I have previously said that the judgment in Strong v Woolworths Ltd  HCA 5, which the High Court of Australia delivered today, would either be an important case about the law of causation in negligence cases following the enactment of the Civil Liability Act 2002, or a mundane fizzer about what inferences can be drawn as to whether or not an adequate cleaning system would have prevented the plaintiff’s crutches from slipping on a potato chip on the floor of a shopping centre.
Unfortunately it was the latter. None of the judges in the majority (French CJ, Gummow, Crennan or Bell JJ) or in dissent (Heydon J – again) had anything much to say in relation to various issues that arise under the Civil Liability Act 2002.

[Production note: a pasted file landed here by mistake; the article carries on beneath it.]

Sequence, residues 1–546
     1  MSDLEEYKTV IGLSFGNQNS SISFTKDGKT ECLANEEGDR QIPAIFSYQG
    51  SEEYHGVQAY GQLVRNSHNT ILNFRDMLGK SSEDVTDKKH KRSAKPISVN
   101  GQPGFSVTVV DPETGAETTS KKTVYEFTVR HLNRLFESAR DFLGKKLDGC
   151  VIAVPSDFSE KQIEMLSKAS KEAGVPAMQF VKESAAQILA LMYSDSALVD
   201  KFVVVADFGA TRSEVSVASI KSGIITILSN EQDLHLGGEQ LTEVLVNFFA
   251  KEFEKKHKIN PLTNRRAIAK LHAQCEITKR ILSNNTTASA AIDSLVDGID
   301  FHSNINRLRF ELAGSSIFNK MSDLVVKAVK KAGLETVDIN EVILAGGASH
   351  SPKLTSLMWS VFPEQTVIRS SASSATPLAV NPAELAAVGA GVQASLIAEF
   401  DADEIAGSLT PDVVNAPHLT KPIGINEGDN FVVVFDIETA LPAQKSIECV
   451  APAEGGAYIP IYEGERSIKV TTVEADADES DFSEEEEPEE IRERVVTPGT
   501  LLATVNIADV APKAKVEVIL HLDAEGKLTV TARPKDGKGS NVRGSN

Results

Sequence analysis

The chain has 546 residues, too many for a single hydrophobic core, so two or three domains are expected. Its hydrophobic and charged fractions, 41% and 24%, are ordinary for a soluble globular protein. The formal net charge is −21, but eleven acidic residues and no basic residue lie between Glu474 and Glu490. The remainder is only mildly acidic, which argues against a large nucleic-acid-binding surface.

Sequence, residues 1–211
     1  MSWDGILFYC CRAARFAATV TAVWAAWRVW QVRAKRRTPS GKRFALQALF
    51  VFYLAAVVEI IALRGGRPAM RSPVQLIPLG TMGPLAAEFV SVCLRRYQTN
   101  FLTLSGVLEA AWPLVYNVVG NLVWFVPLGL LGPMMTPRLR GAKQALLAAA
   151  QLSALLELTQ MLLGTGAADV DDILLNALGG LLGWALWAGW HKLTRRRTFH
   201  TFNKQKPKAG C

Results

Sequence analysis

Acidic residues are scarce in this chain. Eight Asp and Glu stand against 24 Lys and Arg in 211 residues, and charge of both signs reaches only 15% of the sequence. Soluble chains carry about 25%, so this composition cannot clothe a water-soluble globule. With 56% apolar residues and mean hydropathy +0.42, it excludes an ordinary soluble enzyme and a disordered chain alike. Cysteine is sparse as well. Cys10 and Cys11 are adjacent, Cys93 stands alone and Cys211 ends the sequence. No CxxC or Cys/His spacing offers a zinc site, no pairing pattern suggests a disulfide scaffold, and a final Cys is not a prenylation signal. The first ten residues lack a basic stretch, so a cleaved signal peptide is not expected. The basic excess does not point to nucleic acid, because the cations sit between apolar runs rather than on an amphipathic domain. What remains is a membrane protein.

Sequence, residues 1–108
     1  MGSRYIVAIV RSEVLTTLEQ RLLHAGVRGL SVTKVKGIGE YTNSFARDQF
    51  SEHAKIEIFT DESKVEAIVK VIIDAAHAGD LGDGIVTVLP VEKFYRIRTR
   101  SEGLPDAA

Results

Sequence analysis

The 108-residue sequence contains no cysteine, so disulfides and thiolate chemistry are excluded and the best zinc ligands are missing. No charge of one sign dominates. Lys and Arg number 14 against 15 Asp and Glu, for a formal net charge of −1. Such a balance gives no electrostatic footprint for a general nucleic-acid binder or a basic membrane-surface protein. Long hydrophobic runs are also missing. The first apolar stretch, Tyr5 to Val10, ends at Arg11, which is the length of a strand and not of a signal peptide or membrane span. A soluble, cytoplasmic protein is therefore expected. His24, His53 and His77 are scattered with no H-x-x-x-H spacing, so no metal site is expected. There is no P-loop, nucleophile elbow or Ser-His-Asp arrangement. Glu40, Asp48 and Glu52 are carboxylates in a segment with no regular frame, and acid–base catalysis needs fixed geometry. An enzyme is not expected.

Specifically, the Court declined to deal with the question of whether or not the statutory formulation of causation may produce a different conclusion to the conclusion yielded by applying the common law.
Nor did it address questions of how cases of “causal over-determination” are to be accommodated under the statutory provision, although the majority seem to have subtly suggested that the authors of the Ipp Report (upon whose recommendations the present statutory causation formulation is based) may have misunderstood the House of Lords decision in Bonnington Castings Ltd v Wardlaw.
Apart from an interesting discussion by Heydon J (unaffected by the fact that his Honour dissented in the result) about the different meanings of the expression “evidential burden” (at -) there is really nothing of interest at all in the judgment.